Have you ever wondered what it is that that your property manager is looking at when they come to inspect your property? Would you like to know what you can do to put a smile on their dial and have your landlord grinning from ear to ear? Whilst some of this might seem obvious to you the following tips might help you to get yourself off to a great start.
A property manager can tell if you’ve left it to the last minute and given your place a lick and a promise. What we are looking for is to see that you are maintaining the property in the condition that it was leased to you and doing this is far easier if you clean as you go along. It also means cleaning when your lease ends a much easier and potentially cheaper task.
Have a tidy up on the day as much as you can before the inspection. It is really appreciated if we don’t have to step over your dirty laundry sitting on the bedroom floor or look at last nights dirty dinner dishes sitting on the kitchen sink. A clean and tidy house goes a long way to you getting an impressive report and makes it much easier for us to be in and out of your home quickly and leaving you to enjoy your space.
Unfortunately the two places that should be the cleanest in our homes are often the dirtiest. Ensure that you have a regular cleaning routine for your shower screens. This is imperative to be able to avoid spending half a day on your hands and knees scrubbing soap scum off glass. We are particularly fans of Aldi’s shower cleaner, but use what you know works for you, and you don’t have to spend a fortune in chemicals to keep things looking sparkling and clean. If you have a ceramic or glass cook top we would recommend investing in a Cerapol cleaning kit. These are normally available at the supermarket or somewhere like Harvey Normans. The blade and cleaning cream work wonders at cleaning up your stove top and a special protective polishing cream will make it easier to to the job next time.
This means cleaning the top of the ceiling fans and air conditioners, wiping the front of your kitchen cupboard doors, cleaning your light switches, cleaning the dishwasher filter and doing the ‘yuck’ jobs like your oven, stove top and range hood. Don’t forget to make sure you’ve replaced any dead light bulbs, batteries in remote controls and cleaned the filters in your bathroom fans.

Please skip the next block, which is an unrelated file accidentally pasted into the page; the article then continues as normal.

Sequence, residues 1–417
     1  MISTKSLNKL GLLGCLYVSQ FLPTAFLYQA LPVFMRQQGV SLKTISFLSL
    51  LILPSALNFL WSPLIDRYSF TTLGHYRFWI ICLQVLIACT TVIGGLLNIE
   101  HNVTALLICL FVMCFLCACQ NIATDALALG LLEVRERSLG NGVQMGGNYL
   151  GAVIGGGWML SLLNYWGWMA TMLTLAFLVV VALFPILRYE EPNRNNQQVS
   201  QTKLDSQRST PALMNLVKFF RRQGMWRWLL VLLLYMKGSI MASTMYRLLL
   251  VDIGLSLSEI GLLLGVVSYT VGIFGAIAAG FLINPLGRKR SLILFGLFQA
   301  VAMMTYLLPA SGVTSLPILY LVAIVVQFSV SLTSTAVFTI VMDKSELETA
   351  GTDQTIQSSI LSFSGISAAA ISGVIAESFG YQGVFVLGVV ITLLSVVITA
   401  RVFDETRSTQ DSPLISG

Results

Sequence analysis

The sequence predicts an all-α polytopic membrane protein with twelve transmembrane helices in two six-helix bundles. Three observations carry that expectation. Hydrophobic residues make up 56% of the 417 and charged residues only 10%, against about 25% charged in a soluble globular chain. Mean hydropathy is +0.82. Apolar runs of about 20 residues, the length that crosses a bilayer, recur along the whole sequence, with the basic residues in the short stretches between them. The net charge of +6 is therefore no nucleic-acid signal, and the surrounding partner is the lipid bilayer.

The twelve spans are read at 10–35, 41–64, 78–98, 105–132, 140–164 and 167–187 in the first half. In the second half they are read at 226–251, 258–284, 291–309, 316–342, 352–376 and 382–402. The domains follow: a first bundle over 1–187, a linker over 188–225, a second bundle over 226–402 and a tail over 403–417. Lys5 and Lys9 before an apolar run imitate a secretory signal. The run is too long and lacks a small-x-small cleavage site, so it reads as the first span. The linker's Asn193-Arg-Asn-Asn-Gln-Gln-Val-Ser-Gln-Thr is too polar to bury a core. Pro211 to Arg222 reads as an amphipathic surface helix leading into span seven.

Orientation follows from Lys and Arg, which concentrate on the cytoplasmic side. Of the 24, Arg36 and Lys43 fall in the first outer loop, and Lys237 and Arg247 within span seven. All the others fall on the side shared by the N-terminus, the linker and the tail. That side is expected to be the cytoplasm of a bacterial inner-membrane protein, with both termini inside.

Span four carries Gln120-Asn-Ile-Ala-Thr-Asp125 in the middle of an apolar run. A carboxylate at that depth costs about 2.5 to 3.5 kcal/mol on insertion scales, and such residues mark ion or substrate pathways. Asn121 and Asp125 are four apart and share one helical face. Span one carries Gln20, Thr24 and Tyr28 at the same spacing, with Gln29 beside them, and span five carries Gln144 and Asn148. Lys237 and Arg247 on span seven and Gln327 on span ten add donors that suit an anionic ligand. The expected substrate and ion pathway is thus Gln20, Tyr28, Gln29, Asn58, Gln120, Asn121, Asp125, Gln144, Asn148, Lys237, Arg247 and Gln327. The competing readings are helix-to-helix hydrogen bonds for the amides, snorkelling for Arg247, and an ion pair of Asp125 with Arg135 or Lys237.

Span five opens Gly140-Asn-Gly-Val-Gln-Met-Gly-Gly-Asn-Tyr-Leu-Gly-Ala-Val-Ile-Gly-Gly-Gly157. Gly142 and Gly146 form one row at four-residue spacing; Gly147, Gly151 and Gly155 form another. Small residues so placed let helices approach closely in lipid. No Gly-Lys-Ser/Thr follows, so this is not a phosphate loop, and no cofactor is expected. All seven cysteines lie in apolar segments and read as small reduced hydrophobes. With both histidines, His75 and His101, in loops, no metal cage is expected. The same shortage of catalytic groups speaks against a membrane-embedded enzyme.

Nothing says rental house quicker than a poorly maintained garden and lawn. Gardens can sometimes be the most expensive bits to fix if you haven’t taken care of them and a pain in neck/back/legs if you have to do a massive job last minute. Set up a maintenance schedule for yourself or see if you can find someone willing to earn a few dollars to do the job for you. We are always happy to recommend someone to you. Even courtyards need care as particularly in NSW weather they need water blasting from time to time. Please remember that trimming the hedges and shrubs is part of garden maintenance. Equipment to do the task is not expensive, particularly if you look at buying it second hand through eBay or Gumtree. If you don’t need it at the next place you move to then you can always sell it the same way.
If things are broken, even accidental damage, you are far better off telling your property manager about it upfront and working with them to get it fixed than letting them discover it on inspection day. We provide you with maintenance forms but are quite happy for you to call or email us about the problem when it occurs. If you have forgotten anything then please just note it on your repair request form and leave it on your kitchen bench and we will action it.
If you rent through Ray White Coast Edge, this is a part of every lease we hand out to give you a check list of what to clean and prepare for when you have a routine inspection.
Your property manager is working on behalf of the owner of the property that you live in to ensure that it maintains its value and standard to be liveable long after you might be living somewhere else. At Ray White Coast Edge we believe that means working WITH you to help you in maintaining this standard and it can only be successful through completely honest communication between the property manager and tenant.